One of the biggest gripes with marketing today is that consumers have no idea what happens to their information from even the slightest engagement with a brand. The lack of clarity is deeply unsettling and creates a trust deficit between the brand and the customer. This is contradictory to arguably, the single most important thing that every marketer is trying to achieve — trust.
This mistrust is amplified in the digital world we live in where every action, click, scroll and tap is tracked. This conflict is all too common between an unassuming (and quite often unaware) consumer and the marketer who has their objectives.
Should the marketer stop marketing? No.
Should the consumer know everything about marketing? No.
Enter Ethical Marketing.
What if we considered a scenario where the onus is on the brand and the marketer to set morally responsible and ethical guidelines for how they carry out their marketing? This list of do’s and don’ts is not definitive and this approach is self-imposed and self-policed too. Some of the questions to be asked sound like this:
- Am I collecting data for data’s sake or do I know how I want to use it?
- Do I really need to collect all that information?
- Is not having a small piece of information going to have a large-scale business impact?
- Do my customers know what happens with their information when they engage with my brand – online and offline?
So, what is Ethical Marketing?
Ethical marketing is an approach that focuses on the company’s responsibilities to the public, customers, and employees while making marketing decisions. It takes into account the moral implications of marketing decisions and the potential impact on all stakeholders. The goal of ethical marketing is to create a long-term, trusting relationship between the company and its customers. This means considering the ethical implications of your actions and making sure that your marketing efforts are in line with your ethical principles.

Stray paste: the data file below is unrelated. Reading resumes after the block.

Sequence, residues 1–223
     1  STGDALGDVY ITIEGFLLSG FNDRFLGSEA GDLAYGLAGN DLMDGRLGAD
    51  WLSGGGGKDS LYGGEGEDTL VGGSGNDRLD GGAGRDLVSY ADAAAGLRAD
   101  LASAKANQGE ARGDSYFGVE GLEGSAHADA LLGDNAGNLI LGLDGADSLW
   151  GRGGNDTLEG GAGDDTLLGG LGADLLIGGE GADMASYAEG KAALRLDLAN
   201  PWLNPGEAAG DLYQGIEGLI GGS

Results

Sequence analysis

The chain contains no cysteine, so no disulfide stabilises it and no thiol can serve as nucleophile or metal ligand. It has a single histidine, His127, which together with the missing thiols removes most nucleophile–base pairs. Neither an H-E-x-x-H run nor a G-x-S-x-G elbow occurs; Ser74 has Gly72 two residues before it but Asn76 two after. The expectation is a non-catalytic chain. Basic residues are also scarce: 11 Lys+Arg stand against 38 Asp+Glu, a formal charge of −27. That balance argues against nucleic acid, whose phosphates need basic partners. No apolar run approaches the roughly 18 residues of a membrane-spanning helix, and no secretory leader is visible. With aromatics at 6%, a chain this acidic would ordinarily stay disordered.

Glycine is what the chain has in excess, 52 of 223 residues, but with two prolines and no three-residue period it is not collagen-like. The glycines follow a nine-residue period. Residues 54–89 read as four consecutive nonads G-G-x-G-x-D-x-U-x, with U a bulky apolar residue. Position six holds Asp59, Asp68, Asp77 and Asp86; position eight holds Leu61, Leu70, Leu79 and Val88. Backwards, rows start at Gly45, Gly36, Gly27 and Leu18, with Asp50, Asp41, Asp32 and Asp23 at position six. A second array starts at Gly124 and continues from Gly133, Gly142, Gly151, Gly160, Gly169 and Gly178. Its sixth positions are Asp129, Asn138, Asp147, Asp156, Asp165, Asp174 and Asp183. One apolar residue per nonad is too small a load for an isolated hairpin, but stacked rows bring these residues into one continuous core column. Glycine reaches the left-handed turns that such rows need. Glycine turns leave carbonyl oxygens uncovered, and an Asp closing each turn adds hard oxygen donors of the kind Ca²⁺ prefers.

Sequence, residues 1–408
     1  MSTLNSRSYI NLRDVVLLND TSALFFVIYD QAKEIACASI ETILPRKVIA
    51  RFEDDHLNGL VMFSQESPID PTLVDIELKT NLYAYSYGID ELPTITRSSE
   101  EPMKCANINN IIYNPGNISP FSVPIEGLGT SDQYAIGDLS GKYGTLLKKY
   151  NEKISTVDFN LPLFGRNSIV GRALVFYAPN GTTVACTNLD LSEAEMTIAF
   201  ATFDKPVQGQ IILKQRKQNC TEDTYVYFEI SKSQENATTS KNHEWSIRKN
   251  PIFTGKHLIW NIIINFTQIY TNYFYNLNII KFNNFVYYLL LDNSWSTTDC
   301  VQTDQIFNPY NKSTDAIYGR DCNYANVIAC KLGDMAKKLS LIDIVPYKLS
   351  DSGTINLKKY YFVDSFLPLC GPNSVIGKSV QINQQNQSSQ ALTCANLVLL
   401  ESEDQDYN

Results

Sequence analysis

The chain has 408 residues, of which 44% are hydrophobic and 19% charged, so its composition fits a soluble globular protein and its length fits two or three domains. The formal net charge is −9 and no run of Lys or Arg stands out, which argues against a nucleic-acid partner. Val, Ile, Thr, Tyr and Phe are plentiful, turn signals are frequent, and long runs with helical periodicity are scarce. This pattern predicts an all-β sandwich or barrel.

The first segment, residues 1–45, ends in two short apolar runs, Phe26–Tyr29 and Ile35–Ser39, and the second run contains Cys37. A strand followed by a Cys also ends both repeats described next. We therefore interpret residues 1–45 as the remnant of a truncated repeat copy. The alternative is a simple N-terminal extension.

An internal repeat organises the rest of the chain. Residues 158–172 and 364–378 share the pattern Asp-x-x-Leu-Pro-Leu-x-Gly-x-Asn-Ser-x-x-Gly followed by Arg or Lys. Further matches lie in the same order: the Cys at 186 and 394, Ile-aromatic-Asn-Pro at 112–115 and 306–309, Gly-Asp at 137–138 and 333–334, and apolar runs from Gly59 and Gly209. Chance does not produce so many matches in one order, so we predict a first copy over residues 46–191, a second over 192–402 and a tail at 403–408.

Why should businesses adopt Ethical Marketing?
By reaffirming these basic values—honesty, responsibility, fairness, inclusivity, and transparency—businesses strengthen consumer trust. The marketing landscape is constantly evolving, and with the rise of digital marketing, the need for ethical marketing practices has never been more vital. With so much information available at our fingertips, it can be easy to forget that there is a responsibility to the people being marketed to.
Marketing can be morally good and beneficial to both the customer and the company. It can be tempting to cut corners or take shortcuts while marketing, but doing so can have serious consequences. Not only can it damage your reputation and hurt your business, but it can also lead to legal trouble. Our marketing campaigns are designed to address the long-term needs of all stakeholders, including consumers, employees, and society as a whole. An ethical marketing program ensures that your marketing is always on the up.
Here’s an easy way to get started: Consider making your email subscription forms opt-in, rather than opt-out. It may slow the rate of your list growth but you’ll have a much more engaged subscriber base.